September 15, 2008
Yet another one for the “there’s always a San Francisco angle” files …
Years before the discovery of the platinum haired Lana Turner at a Hollywood cafe propelled her into a life of glamour and super-stardom, her lifeline intersected San Francisco — and with tragedy.
I suppose we could begin the tale in Oklahoma, 1920.
Lana’s parents meet cute
Well … sort of.
“… my father was just out of the army. He was heading westward, working in the mines and I guess that’s how he got to Pitcher (Oklahoma). After a night of dancing, he and my mother fell in love.
He was twenty-four, but she was only fifteen. When he began to court her, my grandfather put his foot down. So, what could they do? They eloped.”
Right — eloped to the romantic environs of Wallace, a small mining town in Idaho. Not long afterwards (February 8, 1921), “Julia Jean Mildred Frances Turner ” was born to child-bride Mildred and John “Virgil” Turner. (They called her Judy, and though she wouldn’t become “Lana” until hitting the silver screen, let’s keep it simple.)
Though Lana would later reminisce nostalgically about the good ol’ days — mom and pop dancing to the Victrola by candlelight — all was not well in the Turner household.
Virgil worked a series of rough and low-paying jobs in the silver mines. And though making barely enough to support his tiny family, he soon began to squander those meagre earnings on the dancing, gambling and hooch that are part and parcel of mining town life.
His debts mounted, so Virgil turned to bootlegging his own corn liquor — but when the Feds started sniffing around, the Turners packed up the household overnight and high-tailed it for — where else? — San Francisco.
They pulled into the City at the Edge of the World sometime in 1927, when Lana was just six years old. Something about life in San Francisco, who knows, perhaps something in the city’s inherently unstable nature, provoked a separation between the parents.
Mildred found suitably noiresque work as a nightclub entertainer, and after a murky period in which the young girl was shuttled off to live in a series of abusive foster homes, moved her into a cramped apartment at 760 Geary Street.
Papa Virgil moved into a rough hotel at 4th and Mission, finding work as a stevedore at the Pacific Coast Steamship Company. The job suited him, and as for his taste for drinking and gambling? San Francisco nights were the perfect fit.
And this is where the tale takes a darker turn.
“Taken for a ride”
Virgil spends the early morning hours of December 10th, 1930, in an all-night downtown poker game. The cards are turning his way, and as his diamond stickpin sparkles in the electric lights, he brags loudly that he’s going to buy his little girl a bicycle with his winnings.
He leaves the basement game close to dawn, but his big talk had not gone unnoticed, and he was followed. As the San Francisco Chronicle later put it, Virgil was picked up and “taken for a ride” out to the Potrero District. It was the gambler’s last deal.
When the sun came up, Virgil’s corpse was discovered slumped in an alley at Mariposa and Minnesota, out behind the Southern Pacific roundhouse. He’d been bludgeoned to death. The diamond stickpin was gone, as was his watch — but most importantly, so was his left sock, in which he’d kept his bankroll.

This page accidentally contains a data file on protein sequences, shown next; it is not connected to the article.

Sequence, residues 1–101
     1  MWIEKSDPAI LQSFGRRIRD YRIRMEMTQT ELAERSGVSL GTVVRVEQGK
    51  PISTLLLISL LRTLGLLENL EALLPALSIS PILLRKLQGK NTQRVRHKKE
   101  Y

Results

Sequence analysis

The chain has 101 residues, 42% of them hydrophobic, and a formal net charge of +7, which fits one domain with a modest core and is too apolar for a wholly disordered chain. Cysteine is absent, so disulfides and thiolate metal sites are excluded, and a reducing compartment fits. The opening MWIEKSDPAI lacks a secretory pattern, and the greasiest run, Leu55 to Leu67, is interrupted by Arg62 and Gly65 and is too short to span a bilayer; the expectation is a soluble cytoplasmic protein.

The police figured out that gambling was involved, and there was some speculation about gangsters … but the papers were full of such things in the ’30s — I mean, c’mon, Dashiell Hammett himself was probably up writing the Maltese Falcon over at 891 Post Street as the murder took place — and Virgil Turner’s killer was never caught.
Lana was profoundly shaken by her father’s death. And somehow, the nine-year-old girl had known what had happened before the body was discovered:
“…How long I had been asleep I don’t know, but suddenly I was sitting up straight in the darkness. Before me was a vision so intense that it seemed to be alive. I saw a huge medallion of shining gold, and on it was embossed the face of God, a shimmering countenance, comforting, benign. A voice said, “Your father is dead.” I was filled with awe but also with a strange sense of peace as I closed my eyes and went back to sleep.
When I awoke in the morning, my mother and Julia Hislop (a family friend) were whispering in a corner. They didn’t have to tell me why. I already knew that my father was dead. And when the feeling of peace wore off, the surprise at having known intensified my sense of loss and sorrow. Although I was only nine, I could imagine what death meant. I knew he was gone forever.”
In 1935, Mildred Turner, on her doctors’ advice, moved with her daughter to the drier climate of Los Angeles. Six weeks later the now mostly-grown-up Lana was discovered, and the rest is, as they say, history.
San Francisco history, that is
Though Lana Turner passes out of San Francisco’s story and into Hollywood legend, her private life — seven marriages, a gazillion affairs, alcoholism, a gangster lover murdered by her own daughter — seems to somehow have been claimed by our city. In an undoubtedly way-too-romantic way, I’ll think of Lana Turner now as forever marked by San Francisco noir…
Thanks to Ron Filion at SFGenealogy.com for the tip — someone had asked him to “confirm” that Lana Turner was a Bay Area high school graduate. Turned out that she wasn’t, of course, but as he poked around, discovered the inevitable San Francisco angle. He thought I might be interested … and I was.